Month: August 2019

ADA 101 – Operable Parts

ADA 101 Info-graphic with ADAS 2010 309.4 text and two example pictures.

2010 ADAS 309.4 Operable Parts – Operation

Operable parts shall be operable with one hand and shall not require tight grasping, pinching, or twisting of the wrist. The force required to activate operable parts shall be 5 pounds maximum.

EXCEPTION: Gas pump nozzles shall not be required to provide operable parts that have an activating force of 5 pounds maximum.

Code according to 2010 ADAS. Check your state’s accessibility laws. Some states such as California, Georgia and Florida have additional requirements and standards.

ADA 101 – Vertical Clearance

ADA 101 Infographic with ADAS 2010 section 307.4 test and example picturesADAS 2010 307.4 – Vertical Clearance

Vertical clearance shall be 80 inches high minimum. Guardrails or other barriers shall be provided where the vertical clearance is less than 80 inches high. The leading edge of such guardrail or barrier shall be located 27 inches maximum above the finish floor or ground.

EXCEPTION: Door closers and door stops shall be permitted to be 78 inches minimum above the finish floor or ground.

Code according to 2010 ADAS. Check your state’s accessibility laws. Some states such as California, Georgia and Florida have additional requirements and standards.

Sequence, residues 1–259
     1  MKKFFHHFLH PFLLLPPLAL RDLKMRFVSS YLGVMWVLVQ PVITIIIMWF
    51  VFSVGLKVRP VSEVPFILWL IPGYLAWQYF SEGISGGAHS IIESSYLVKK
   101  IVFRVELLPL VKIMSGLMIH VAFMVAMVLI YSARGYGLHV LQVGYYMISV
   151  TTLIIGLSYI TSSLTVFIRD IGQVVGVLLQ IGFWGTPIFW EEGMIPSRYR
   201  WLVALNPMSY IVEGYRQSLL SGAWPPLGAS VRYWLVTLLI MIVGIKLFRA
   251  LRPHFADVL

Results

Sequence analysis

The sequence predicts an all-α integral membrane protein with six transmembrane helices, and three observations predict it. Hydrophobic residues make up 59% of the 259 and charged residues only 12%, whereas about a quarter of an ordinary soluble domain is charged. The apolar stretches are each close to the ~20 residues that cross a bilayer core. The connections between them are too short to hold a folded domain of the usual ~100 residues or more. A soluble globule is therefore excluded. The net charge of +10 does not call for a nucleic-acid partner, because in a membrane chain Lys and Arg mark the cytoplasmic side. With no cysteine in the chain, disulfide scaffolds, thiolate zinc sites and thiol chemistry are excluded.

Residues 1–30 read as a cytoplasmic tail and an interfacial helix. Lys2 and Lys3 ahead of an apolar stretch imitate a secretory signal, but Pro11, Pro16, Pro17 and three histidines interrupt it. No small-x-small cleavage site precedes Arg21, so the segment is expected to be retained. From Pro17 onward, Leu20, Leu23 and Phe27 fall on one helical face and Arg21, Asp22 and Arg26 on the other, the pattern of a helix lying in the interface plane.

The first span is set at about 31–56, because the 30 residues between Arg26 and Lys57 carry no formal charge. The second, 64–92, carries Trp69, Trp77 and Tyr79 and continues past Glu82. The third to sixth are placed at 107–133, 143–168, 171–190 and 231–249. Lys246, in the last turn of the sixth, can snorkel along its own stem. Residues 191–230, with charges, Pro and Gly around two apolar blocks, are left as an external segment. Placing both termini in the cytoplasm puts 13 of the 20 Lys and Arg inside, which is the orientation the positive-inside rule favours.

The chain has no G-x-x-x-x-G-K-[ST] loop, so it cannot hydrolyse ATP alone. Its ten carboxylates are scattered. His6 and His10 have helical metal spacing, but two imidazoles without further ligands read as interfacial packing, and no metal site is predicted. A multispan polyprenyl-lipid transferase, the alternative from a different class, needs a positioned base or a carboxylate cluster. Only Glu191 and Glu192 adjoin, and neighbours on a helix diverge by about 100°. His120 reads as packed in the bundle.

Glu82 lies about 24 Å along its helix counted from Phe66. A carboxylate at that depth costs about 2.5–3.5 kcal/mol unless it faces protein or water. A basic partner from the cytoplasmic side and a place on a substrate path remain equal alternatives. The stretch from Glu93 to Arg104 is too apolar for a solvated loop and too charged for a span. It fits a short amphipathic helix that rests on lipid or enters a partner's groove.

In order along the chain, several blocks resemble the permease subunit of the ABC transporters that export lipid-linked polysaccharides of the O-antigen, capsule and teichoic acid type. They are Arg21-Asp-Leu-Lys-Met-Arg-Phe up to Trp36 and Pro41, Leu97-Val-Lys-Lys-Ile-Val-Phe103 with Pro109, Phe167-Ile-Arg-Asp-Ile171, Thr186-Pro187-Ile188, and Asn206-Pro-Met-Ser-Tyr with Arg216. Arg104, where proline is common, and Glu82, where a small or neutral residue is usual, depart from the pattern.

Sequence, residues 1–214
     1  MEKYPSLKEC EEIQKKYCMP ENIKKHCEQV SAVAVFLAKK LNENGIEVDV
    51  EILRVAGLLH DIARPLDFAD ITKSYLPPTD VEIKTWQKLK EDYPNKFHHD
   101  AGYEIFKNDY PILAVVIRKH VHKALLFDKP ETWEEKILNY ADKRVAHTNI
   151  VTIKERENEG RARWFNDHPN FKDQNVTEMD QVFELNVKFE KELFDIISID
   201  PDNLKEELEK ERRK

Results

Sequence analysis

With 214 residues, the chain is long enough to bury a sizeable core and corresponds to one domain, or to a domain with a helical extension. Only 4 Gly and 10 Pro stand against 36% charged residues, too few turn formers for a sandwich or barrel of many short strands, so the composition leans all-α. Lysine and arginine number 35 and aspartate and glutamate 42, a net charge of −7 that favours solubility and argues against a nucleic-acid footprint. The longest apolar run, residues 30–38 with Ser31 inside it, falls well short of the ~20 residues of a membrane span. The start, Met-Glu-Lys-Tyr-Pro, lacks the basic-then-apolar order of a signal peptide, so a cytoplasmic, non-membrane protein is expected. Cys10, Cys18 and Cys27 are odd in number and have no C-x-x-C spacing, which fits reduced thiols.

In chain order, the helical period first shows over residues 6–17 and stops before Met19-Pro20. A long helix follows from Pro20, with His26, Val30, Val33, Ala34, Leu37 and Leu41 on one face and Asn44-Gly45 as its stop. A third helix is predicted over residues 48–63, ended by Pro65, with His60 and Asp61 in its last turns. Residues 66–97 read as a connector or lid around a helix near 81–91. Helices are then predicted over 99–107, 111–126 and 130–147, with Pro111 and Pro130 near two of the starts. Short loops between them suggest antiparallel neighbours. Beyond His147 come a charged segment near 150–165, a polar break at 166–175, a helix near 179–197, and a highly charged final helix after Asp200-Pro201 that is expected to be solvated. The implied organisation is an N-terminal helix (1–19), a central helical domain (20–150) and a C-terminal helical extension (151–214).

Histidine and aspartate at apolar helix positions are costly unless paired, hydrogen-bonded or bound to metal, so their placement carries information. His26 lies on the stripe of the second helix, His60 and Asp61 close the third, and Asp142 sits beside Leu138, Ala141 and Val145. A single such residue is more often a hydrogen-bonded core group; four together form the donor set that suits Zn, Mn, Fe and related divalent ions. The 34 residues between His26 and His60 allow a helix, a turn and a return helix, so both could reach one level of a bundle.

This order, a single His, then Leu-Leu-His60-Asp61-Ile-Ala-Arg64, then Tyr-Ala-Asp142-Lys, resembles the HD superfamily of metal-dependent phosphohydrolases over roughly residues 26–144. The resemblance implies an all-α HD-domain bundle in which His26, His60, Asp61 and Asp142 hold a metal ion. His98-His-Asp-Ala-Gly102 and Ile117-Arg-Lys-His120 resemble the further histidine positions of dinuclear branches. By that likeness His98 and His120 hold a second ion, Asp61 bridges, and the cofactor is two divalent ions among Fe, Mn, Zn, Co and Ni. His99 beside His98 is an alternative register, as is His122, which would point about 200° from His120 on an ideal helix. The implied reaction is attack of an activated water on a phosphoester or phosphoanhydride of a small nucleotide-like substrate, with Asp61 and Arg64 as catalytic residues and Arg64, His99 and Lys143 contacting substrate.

$30M and 17 years for ADA compliant sidewalks in Springfield, MO

Sidewalk without a curb ramp

Ensuring sidewalks and curbs ramps are in compliance with ADA standards is good practice, and not just because it is the law. Gentle slopes, well defined landings and wide smooth pathways are all convenient for the able user, but they are essential elements for people with disabilities.  While much work has been done across the nation, many municipalities are discovering that large portions of their public right-of-ways are not in compliance with ADA.

The City of Springfield, Missouri, is no exception. “Starting in December 2017, the city conducted an eight-month survey of sidewalk and curb condition and compliance that showed just 40 percent of sidewalks were in the goal range of “good” or “very good” condition. The rest were “fair,” “marginal,” “poor” or, in 8 percent of cases, “very poor.”  Nearly 10,300 curb ramps were included in the survey as well with similar results. Now that the City understands is problem areas, it’s planning to fix them. Over the next 17 years, the City of Springfield will invest $30 million to fix its curb ramps and sidewalks.